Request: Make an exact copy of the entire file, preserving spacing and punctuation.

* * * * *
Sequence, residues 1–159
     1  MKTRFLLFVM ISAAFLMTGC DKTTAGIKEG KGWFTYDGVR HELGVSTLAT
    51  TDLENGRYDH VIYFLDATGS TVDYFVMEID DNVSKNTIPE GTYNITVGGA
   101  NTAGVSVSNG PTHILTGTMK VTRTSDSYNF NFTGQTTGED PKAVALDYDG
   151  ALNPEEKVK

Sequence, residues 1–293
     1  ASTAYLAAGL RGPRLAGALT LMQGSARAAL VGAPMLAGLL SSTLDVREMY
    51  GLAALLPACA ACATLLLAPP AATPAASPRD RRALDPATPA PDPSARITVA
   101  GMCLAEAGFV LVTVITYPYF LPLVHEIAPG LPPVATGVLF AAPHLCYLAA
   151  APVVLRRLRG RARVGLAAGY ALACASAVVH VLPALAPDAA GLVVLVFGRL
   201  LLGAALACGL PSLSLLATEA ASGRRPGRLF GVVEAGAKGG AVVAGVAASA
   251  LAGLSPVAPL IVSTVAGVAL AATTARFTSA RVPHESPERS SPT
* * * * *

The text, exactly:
Sequence, residues 1–159
     1  MKTRFLLFVM ISAAFLMTGC DKTTAGIKEG KGWFTYDGVR HELGVSTLAT
    51  TDLENGRYDH VIYFLDATGS TVDYFVMEID DNVSKNTIPE GTYNITVGGA
   101  NTAGVSVSNG PTHILTGTMK VTRTSDSYNF NFTGQTTGED PKAVALDYDG
   151  ALNPEEKVK

Sequence, residues 1–293
     1  ASTAYLAAGL RGPRLAGALT LMQGSARAAL VGAPMLAGLL SSTLDVREMY
    51  GLAALLPACA ACATLLLAPP AATPAASPRD RRALDPATPA PDPSARITVA
   101  GMCLAEAGFV LVTVITYPYF LPLVHEIAPG LPPVATGVLF AAPHLCYLAA
   151  APVVLRRLRG RARVGLAAGY ALACASAVVH VLPALAPDAA GLVVLVFGRL
   201  LLGAALACGL PSLSLLATEA ASGRRPGRLF GVVEAGAKGG AVVAGVAASA
   251  LAGLSPVAPL IVSTVAGVAL AATTARFTSA RVPHESPERS SPT